Directed by: Joe Talbot
Premise: A young African American man (Jimmie Fails) and his friend (Jonathan Majors) begin squatting in his childhood home. He attempts to reclaim the house while reconsidering his relationship with his family.
What Works: The Last Black Man in San Francisco is a story about home and identity and the ways in which those concepts are linked. Jimmie, the protagonist played by Jimmie Fails, is obsessed with his childhood home in part because the house had been in his family for several generations and he is quick to tell anyone who will listen about how his grandfather built the house. It’s more than just a matter of family pride; the house is an heirloom but one that has been lost due to his father’s financial mismanagement and the forces gentrification which have pushed people of color out of these neighborhoods. Jimmie spends his days with his friend Monti, an aspiring playwright played by Jonathan Majors. Monti supports Jimmie in his bid to take back the house and the two of them move in as squatters when the current tenants vacate the building. Actors Jimmie Fails and Jonathan Majors are a terrific pair and they are frequently very funny. The Last Black Man in San Francisco is about the complexity of identity and especially African American identity. These characters are displaced by a housing market that makes them vagrants and strangers in their hometown. That becomes evident not only in Jimmie and Monti’s lives but also among the supporting characters. Jimmie and Monti regularly pass by a group of guys who hang out on the street, among them Kofi played by Jamal Trulove. Kofi and Monti have a complicated relationship and Kofi is friendly with Monti in private but disowns him in public. This comes across more than just two-faced on Kofi’s part. The young men’s identities are split between who they are privately and how they present themselves publically. The Last Black Man in San Francisco explores how home, whatever that might mean, and the physical locations we grow up in shape how we see ourselves. But the movie is also about the limits of those spaces to determine who we are and the necessity of breaking free from those preconceptions. This cerebral material is presented with a great deal of humor and empathy and the moviemakers tell a compelling story with vivid characters.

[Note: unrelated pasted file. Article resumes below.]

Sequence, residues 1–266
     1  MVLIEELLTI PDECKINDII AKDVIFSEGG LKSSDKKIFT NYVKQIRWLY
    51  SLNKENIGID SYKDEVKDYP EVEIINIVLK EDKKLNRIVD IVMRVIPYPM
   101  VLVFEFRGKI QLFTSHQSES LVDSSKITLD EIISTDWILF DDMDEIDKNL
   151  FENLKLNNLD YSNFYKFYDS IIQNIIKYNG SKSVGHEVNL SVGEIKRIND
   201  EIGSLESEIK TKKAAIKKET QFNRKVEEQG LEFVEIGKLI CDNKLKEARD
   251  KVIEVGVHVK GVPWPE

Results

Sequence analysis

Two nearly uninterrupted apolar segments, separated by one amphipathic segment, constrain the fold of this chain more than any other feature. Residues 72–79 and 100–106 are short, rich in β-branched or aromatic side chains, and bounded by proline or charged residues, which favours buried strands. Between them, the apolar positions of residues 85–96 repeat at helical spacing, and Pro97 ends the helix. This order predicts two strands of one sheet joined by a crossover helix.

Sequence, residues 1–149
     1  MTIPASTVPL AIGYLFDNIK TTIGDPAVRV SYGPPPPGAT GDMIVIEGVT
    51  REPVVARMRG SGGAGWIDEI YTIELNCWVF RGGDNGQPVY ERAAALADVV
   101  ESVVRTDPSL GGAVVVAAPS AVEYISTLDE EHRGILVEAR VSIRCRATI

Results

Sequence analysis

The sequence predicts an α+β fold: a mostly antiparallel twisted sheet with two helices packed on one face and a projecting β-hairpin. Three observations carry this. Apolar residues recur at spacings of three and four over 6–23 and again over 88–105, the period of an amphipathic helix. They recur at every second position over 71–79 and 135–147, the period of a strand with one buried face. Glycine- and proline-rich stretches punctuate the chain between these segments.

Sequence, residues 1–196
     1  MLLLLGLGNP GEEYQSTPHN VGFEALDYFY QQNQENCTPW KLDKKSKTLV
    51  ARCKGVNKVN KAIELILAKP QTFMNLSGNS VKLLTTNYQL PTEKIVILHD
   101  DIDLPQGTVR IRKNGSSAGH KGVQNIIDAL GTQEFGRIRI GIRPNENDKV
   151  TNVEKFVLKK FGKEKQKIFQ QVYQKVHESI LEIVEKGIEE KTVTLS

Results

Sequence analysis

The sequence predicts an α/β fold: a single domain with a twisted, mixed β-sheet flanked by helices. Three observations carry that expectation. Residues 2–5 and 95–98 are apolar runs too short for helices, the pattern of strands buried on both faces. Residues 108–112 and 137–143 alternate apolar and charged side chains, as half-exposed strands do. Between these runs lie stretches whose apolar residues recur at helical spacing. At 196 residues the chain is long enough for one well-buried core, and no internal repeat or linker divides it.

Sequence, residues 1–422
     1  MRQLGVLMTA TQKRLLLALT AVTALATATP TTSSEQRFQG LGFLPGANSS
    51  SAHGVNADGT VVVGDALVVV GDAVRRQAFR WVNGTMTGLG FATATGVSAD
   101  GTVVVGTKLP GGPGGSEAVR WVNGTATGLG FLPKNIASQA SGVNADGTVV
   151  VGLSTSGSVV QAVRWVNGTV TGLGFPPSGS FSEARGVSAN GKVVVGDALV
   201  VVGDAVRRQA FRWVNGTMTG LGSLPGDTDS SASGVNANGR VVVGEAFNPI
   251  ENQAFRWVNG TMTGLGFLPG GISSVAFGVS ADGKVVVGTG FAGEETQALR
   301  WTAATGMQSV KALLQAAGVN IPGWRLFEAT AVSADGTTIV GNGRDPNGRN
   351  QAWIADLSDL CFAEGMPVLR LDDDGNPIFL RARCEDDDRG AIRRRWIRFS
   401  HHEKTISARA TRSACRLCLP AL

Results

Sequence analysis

What Doesn’t: The Last Black Man in San Francisco concludes without really resolving Jimmie’s housing problem. He begins the movie in search of a home and the story puts Jimmie through a process of letting go of his past and seeing new possibilities. It is an interesting transformation of a character realizing that he doesn’t really want the object of his desire. But Jimmie’s future remains vague. That ambiguity is part of the point of the movie and as a story about gentrification The Last Black Man in San Francisco is unable to give us a conclusion because the issue itself is in flux. But the end of the movie is nevertheless inconclusive.
DVD extras: Commentary track, featurettes.
Bottom Line: The Last Black Man in San Francisco mixes intellectual questions about identity and locality with engaging human drama. This movie offers a lot to think about regarding race and gentrification but the film’s dramatization of breaking away transcends those issues.
Episode: #783 (January 5, 2020)